Congo rebel charged with war crimes by ICC
Prosecutors formally charged a Congolese militia leader with enlisting children as young as 10 and forcing them to fight in the country's civil war in the first case at the International Criminal Court. Thomas Lubanga, who was delivered to the court from the Democratic Republic of Congo (DRC) in March, was the founder and leader of one of the most dangerous militia in Congo's lawless northeastern district of Ituri, according to prosecutors. "Lubanga ... controlled and executed a deliberate plan to enlist and conscript children systematically and in large numbers, including children under the age of 15, even as young as 10," the International Criminal Court's (ICC) deputy prosecutor Fatou Bensouda told a news briefing.
The charges against Lubanga, leader of the Union of Congolese Patriots (UPC), an ethnic militia now registered as a political party, relate to the period between July 2002 and December 2003, although the war in the Congo began in 1998. The Court will examine the prosecutors' evidence, based on the cases of a representative six child soldiers, in September to decide whether it is sufficient for the trial to go ahead. Up to 30,000 children were associated with the DRC's armed groups during the height of the war, according to estimates. "The conscription, enlistment and active use of children in armed conflict represents one of the most brutal and morally troubling legacies of war ..." Bensouda said.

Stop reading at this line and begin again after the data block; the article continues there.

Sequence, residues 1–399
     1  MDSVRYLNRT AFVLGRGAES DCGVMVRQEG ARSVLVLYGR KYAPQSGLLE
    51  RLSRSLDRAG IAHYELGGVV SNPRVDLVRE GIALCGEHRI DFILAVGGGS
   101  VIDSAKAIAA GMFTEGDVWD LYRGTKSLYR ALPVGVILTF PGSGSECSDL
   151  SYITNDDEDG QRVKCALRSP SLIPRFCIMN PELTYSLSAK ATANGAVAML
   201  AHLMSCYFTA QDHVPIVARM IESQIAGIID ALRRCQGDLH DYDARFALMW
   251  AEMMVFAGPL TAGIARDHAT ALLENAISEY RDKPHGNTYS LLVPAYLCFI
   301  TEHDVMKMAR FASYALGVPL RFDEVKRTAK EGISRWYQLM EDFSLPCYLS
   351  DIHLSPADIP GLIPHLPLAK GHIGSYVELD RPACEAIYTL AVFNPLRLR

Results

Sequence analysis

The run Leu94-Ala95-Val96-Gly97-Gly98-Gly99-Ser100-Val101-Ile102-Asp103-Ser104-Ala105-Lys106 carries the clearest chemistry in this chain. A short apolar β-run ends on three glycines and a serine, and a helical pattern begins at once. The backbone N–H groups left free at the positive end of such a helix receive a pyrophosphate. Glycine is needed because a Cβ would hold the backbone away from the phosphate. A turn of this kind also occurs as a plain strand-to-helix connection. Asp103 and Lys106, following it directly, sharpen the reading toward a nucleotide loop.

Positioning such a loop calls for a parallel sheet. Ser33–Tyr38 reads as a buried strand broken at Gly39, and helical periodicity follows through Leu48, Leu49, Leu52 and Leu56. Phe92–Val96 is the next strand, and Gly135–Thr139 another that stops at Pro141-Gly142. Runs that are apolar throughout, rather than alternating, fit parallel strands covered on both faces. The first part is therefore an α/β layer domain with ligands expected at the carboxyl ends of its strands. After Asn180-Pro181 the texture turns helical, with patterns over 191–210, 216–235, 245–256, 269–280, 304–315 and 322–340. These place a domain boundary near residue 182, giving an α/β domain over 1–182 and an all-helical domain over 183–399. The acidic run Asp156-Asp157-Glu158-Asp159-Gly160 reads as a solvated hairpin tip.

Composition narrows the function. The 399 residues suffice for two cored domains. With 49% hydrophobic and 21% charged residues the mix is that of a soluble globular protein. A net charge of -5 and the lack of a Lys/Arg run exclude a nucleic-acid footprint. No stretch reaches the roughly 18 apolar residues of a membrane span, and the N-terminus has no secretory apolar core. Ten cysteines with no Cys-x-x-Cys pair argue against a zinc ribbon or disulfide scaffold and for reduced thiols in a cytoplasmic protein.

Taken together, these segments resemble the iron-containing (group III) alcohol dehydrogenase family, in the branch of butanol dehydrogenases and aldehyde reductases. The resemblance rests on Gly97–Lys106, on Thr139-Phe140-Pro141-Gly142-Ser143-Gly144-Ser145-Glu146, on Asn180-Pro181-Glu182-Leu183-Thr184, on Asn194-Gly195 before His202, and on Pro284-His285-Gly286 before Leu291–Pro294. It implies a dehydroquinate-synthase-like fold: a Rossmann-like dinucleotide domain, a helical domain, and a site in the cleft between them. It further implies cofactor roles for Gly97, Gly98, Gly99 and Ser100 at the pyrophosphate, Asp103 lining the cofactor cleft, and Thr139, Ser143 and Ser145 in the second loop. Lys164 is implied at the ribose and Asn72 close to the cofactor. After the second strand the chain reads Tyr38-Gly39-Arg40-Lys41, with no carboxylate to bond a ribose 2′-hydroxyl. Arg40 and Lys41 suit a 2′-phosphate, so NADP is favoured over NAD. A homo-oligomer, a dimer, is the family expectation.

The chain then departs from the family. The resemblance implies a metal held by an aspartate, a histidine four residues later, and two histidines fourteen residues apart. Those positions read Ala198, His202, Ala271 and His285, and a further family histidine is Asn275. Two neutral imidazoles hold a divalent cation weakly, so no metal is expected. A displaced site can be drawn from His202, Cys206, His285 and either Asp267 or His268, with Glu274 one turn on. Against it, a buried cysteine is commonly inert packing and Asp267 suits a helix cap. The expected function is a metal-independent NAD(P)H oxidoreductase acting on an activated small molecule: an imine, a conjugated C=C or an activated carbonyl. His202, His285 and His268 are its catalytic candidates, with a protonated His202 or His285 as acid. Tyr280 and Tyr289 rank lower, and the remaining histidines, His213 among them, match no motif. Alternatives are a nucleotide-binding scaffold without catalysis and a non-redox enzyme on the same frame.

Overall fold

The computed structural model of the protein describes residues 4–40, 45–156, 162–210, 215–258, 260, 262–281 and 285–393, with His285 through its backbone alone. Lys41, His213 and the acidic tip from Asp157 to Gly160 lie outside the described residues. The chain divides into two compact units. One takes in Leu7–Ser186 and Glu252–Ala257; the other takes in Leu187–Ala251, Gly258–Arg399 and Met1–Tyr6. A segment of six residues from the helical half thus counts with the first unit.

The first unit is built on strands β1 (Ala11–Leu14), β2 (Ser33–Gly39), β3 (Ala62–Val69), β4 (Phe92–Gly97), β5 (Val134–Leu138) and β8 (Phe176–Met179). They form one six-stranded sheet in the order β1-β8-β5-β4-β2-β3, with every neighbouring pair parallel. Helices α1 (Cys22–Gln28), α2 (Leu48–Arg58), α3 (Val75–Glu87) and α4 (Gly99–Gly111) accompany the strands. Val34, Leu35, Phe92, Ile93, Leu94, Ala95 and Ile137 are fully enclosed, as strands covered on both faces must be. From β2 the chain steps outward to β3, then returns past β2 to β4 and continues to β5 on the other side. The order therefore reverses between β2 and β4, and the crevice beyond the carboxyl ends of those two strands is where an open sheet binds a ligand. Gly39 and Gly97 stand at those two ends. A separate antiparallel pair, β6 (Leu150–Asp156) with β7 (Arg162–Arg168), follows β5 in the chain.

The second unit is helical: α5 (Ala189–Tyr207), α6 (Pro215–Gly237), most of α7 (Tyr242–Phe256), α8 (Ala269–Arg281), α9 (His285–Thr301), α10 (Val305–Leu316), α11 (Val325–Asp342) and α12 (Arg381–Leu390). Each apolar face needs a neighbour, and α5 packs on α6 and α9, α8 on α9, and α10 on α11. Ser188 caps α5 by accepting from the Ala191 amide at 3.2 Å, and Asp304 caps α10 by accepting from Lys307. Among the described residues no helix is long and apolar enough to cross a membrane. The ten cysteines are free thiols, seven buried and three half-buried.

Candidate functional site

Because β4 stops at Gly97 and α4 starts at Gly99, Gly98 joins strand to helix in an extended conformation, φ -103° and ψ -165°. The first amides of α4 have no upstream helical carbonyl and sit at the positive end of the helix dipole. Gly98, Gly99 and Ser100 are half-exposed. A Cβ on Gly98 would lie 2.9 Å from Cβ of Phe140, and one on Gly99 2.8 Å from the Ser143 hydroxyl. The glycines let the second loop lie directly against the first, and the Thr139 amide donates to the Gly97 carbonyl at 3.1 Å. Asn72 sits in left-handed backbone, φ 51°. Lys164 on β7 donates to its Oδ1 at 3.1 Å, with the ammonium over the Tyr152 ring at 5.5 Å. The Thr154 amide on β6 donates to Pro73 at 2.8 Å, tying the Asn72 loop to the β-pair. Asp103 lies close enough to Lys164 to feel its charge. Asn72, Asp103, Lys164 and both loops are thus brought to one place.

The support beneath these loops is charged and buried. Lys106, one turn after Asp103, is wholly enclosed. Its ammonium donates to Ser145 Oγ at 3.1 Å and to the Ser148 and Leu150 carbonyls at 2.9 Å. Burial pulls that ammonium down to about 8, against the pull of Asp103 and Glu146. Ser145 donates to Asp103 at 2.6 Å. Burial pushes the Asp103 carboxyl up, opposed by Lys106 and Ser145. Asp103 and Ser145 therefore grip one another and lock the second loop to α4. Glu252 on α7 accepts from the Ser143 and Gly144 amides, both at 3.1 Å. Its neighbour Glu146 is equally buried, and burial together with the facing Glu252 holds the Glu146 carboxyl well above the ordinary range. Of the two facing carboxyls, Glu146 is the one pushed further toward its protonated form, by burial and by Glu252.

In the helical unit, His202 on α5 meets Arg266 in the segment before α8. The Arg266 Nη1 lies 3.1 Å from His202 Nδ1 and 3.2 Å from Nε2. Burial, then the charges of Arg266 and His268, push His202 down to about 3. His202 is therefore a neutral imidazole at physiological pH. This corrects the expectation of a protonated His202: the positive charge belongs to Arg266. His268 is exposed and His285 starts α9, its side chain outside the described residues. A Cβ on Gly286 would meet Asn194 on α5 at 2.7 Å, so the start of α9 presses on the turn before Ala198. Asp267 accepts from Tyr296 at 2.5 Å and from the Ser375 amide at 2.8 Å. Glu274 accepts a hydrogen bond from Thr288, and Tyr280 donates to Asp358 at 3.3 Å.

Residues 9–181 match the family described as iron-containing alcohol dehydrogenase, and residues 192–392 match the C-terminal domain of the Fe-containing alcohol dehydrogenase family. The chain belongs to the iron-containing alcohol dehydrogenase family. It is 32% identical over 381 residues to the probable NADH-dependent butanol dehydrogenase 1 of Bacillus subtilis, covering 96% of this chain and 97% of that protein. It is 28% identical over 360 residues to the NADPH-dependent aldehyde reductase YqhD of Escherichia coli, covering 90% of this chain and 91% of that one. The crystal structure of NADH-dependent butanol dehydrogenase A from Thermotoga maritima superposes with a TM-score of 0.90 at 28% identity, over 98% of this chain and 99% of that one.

The prosecutors' indictment details how the children, who often joined the militia because of their desperate need for food or desire to avenge their murdered families, were subject to systematic military training and severe discipline. Commanders urged them to kill members of the Lendu ethnic group in Ituri without instructing them to differentiate between soldiers and civilians, prosecutors said. Bensouda said the trial would focus on the charges relating to child soldiers but Human Rights Watch (HRW) said in a statement to the court last month such charges did not go far enough, stressing Lubanga's UPC was responsible for much more. "We believe that you, as the prosecutor, must send a clear signal to the victims in Ituri and the people of the DRC that those who perpetrate crimes such as rape, torture and summary executions will be held to account," HRW said.
The controversial ICC was set up as the first permanent global war crimes court to try individuals and it issued its first warrants last year for five leaders of Uganda's Lord's Resistance Army (LRA). Ituri has been a bloody corner of Congo where ethnic violence between the Hema and Lendu and clashes between militia groups vying for control of mines and taxation have killed 60,000 people since 1999.